116 thoughts on “Brisket Tacos

  1. Man alive! This sounds soooo good and I have a brisket sitting in my freezer but I can’t do it on GAPS πŸ™

    1. I should have added this to the recipe notes… If you are on GAPS you can still make this. Just serve the brisket without the tortillas. You can substitute kefired coconut milk for the sour cream and leave out the cheese of you are dairy-intolerant

        1. doesn’t sound as good gaps friendly but still pretty good. I LOVE corn tortillas and can’t wait till I can have them again!

          I too would love to know if there is an alternative to arrowroot or cornstarch that is GAPS friendly.

            1. You could also just reduce down a little further. Might not be quite as thick- but it’ll still do the job πŸ˜€

    1. I think traditional mexican food is the easiest to do “healthy”. As long as you don’t believe healthy = low fat πŸ˜€

      Did you see her Carnita’s recipe? It looks awesome also!

      1. there are good healthy fats in my homemade mexican… and LOTS of good taste too!!!! we luv us some homemade mexican… my hubby is Puerto Rican…and adds his flair to it too… i make homemade guacamole, salsa, pico de gallo, chips, sour cream…………………………………………etc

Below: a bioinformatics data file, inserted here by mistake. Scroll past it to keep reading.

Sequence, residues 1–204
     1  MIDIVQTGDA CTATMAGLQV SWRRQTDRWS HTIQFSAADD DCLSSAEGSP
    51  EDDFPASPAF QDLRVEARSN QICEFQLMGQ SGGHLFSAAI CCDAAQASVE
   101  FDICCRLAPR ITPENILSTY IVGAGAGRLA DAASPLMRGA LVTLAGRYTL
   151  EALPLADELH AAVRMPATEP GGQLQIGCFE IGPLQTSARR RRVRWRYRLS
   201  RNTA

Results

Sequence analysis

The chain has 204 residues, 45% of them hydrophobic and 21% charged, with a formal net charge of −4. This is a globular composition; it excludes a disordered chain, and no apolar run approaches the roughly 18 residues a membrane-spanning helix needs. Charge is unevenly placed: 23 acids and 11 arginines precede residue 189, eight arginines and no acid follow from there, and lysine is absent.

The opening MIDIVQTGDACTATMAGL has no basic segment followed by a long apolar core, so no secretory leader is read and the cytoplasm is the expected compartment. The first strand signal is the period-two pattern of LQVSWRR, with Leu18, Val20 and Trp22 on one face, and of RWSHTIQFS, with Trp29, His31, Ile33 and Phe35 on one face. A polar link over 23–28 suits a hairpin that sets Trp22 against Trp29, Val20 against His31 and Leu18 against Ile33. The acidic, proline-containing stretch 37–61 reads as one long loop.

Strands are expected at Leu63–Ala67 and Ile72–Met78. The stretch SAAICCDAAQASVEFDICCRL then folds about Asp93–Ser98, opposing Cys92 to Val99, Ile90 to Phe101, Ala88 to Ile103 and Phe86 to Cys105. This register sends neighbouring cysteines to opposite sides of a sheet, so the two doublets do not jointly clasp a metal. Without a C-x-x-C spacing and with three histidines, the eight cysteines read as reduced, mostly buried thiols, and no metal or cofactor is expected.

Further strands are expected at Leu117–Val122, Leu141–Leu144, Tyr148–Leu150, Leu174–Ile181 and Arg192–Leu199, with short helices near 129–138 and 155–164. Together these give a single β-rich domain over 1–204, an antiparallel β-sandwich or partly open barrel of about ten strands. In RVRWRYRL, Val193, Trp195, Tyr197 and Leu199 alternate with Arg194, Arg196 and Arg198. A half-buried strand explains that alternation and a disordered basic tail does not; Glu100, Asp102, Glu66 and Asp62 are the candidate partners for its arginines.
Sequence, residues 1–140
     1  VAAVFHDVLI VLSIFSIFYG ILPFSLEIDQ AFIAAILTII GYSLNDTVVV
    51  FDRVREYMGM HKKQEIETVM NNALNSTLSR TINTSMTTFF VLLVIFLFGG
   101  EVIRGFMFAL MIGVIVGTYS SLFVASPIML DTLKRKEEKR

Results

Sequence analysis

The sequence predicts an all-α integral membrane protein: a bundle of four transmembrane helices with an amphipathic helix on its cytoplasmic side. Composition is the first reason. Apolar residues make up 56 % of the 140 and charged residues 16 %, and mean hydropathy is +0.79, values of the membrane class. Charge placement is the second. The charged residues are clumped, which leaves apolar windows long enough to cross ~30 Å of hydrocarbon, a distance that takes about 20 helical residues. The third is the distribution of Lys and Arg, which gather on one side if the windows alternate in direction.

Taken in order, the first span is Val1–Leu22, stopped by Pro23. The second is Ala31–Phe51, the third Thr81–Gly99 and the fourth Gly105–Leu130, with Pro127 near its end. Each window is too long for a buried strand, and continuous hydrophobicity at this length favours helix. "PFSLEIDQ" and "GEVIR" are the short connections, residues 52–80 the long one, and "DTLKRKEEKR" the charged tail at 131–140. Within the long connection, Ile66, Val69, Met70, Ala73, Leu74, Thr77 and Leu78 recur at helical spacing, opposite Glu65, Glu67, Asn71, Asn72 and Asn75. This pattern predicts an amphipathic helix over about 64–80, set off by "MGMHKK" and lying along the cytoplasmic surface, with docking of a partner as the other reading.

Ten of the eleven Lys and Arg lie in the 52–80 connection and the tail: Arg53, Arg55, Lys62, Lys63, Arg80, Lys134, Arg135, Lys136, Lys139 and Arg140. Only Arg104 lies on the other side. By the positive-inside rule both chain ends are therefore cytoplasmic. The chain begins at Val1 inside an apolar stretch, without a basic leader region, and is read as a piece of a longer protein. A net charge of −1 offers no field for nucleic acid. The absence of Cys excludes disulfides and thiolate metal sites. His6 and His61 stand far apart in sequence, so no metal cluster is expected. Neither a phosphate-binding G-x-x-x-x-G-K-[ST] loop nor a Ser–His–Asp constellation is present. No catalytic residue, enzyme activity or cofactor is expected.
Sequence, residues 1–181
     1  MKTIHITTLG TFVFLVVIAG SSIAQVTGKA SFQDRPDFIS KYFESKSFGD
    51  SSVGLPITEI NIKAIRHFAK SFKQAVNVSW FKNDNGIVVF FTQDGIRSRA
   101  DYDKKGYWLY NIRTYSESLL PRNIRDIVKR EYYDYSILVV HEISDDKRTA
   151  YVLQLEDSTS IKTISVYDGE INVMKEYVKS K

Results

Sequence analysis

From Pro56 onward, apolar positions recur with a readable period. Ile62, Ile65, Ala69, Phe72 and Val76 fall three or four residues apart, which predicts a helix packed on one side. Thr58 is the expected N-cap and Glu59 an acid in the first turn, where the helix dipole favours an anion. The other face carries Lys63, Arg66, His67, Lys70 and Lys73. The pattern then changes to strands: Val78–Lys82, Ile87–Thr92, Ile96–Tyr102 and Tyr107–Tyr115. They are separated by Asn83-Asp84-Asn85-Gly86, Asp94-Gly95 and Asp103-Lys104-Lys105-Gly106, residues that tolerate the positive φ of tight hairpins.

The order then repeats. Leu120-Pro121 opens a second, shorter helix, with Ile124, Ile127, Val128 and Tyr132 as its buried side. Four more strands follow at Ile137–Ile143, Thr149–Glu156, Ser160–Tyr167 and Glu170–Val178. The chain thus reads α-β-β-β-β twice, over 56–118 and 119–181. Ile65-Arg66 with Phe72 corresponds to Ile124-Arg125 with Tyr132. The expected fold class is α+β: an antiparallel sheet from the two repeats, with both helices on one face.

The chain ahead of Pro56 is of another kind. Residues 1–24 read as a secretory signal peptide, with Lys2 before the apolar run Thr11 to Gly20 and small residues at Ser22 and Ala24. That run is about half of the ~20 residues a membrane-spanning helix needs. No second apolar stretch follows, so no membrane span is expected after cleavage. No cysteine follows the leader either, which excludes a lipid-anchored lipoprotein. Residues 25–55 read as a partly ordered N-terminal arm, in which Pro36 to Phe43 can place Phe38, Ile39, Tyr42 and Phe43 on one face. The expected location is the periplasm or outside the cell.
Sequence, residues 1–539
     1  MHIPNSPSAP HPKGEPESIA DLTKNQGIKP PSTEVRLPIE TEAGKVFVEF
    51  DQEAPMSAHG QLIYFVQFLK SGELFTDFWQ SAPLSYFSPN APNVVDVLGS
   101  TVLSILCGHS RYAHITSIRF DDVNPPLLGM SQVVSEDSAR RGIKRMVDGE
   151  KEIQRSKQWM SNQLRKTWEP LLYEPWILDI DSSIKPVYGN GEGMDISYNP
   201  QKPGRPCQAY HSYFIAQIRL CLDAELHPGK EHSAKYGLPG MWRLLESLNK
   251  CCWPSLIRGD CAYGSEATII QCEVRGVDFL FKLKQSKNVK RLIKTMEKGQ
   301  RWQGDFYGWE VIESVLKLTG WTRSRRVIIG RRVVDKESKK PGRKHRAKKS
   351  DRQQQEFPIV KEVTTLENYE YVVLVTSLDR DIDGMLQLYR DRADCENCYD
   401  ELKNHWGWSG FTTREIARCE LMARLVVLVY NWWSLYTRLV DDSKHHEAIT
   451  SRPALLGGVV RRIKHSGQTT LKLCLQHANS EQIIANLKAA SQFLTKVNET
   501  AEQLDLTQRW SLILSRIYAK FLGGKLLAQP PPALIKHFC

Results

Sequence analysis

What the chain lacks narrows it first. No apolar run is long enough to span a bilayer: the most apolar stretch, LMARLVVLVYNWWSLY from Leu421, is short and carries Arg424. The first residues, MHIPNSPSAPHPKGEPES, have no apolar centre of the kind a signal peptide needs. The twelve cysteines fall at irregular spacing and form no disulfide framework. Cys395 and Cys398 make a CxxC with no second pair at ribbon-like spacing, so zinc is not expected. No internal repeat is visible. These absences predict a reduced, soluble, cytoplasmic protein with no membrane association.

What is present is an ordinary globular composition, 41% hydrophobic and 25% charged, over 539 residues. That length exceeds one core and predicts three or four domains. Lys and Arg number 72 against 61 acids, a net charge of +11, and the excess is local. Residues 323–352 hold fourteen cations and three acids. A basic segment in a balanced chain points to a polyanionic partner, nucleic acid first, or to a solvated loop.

2. Yummmmmm! My favorite Tex Mex place (Baja Burrito in Nashville) serves amazing grass-fed brisket tacos. Can’t wait to try your recipe!

  3. This sounds fantastic– a bit like barbacoa at Chipotle. I might try it and use chard to make “tacos” instead of the tortillas.

      1. i’m just guessin’ she probably steams it a bit and then uses it (chard) instead of the tortilla shell?

        1. we use lettuce for shells a lot since GAPS. It’s actually really yummy. Can you do swiss chard raw?

  4. Sounds awesome. I just got back from the farmers market, so this recipe will have to wait until next weekend.

  5. I am drooling. We moved to Colorado eight years ago from the Dallas area and we gorge on Tex/Mex every time we go back for a visit.